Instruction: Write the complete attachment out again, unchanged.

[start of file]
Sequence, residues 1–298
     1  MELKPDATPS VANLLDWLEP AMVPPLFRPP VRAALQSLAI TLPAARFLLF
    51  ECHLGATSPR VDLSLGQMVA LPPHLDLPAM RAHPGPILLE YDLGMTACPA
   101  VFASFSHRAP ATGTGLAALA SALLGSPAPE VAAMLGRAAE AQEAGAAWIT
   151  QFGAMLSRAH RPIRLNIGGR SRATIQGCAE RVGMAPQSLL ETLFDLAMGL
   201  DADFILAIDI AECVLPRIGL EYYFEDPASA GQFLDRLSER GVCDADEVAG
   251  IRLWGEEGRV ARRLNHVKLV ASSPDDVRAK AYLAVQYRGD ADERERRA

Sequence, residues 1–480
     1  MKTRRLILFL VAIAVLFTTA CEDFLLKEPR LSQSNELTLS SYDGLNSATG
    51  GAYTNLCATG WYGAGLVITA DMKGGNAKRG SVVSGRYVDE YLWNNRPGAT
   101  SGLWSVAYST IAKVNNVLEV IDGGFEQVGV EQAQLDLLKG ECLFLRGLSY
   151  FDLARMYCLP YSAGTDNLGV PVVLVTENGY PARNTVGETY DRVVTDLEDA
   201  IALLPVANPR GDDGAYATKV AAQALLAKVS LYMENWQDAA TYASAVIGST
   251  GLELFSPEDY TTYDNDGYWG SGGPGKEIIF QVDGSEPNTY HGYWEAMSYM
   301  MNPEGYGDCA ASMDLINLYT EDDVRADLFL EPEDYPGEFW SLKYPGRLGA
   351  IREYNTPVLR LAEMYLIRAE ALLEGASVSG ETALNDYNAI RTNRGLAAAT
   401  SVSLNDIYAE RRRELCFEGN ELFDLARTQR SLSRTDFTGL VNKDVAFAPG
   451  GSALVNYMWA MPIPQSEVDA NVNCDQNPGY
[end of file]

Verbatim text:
Sequence, residues 1–298
     1  MELKPDATPS VANLLDWLEP AMVPPLFRPP VRAALQSLAI TLPAARFLLF
    51  ECHLGATSPR VDLSLGQMVA LPPHLDLPAM RAHPGPILLE YDLGMTACPA
   101  VFASFSHRAP ATGTGLAALA SALLGSPAPE VAAMLGRAAE AQEAGAAWIT
   151  QFGAMLSRAH RPIRLNIGGR SRATIQGCAE RVGMAPQSLL ETLFDLAMGL
   201  DADFILAIDI AECVLPRIGL EYYFEDPASA GQFLDRLSER GVCDADEVAG
   251  IRLWGEEGRV ARRLNHVKLV ASSPDDVRAK AYLAVQYRGD ADERERRA

Sequence, residues 1–480
     1  MKTRRLILFL VAIAVLFTTA CEDFLLKEPR LSQSNELTLS SYDGLNSATG
    51  GAYTNLCATG WYGAGLVITA DMKGGNAKRG SVVSGRYVDE YLWNNRPGAT
   101  SGLWSVAYST IAKVNNVLEV IDGGFEQVGV EQAQLDLLKG ECLFLRGLSY
   151  FDLARMYCLP YSAGTDNLGV PVVLVTENGY PARNTVGETY DRVVTDLEDA
   201  IALLPVANPR GDDGAYATKV AAQALLAKVS LYMENWQDAA TYASAVIGST
   251  GLELFSPEDY TTYDNDGYWG SGGPGKEIIF QVDGSEPNTY HGYWEAMSYM
   301  MNPEGYGDCA ASMDLINLYT EDDVRADLFL EPEDYPGEFW SLKYPGRLGA
   351  IREYNTPVLR LAEMYLIRAE ALLEGASVSG ETALNDYNAI RTNRGLAAAT
   401  SVSLNDIYAE RRRELCFEGN ELFDLARTQR SLSRTDFTGL VNKDVAFAPG
   451  GSALVNYMWA MPIPQSEVDA NVNCDQNPGY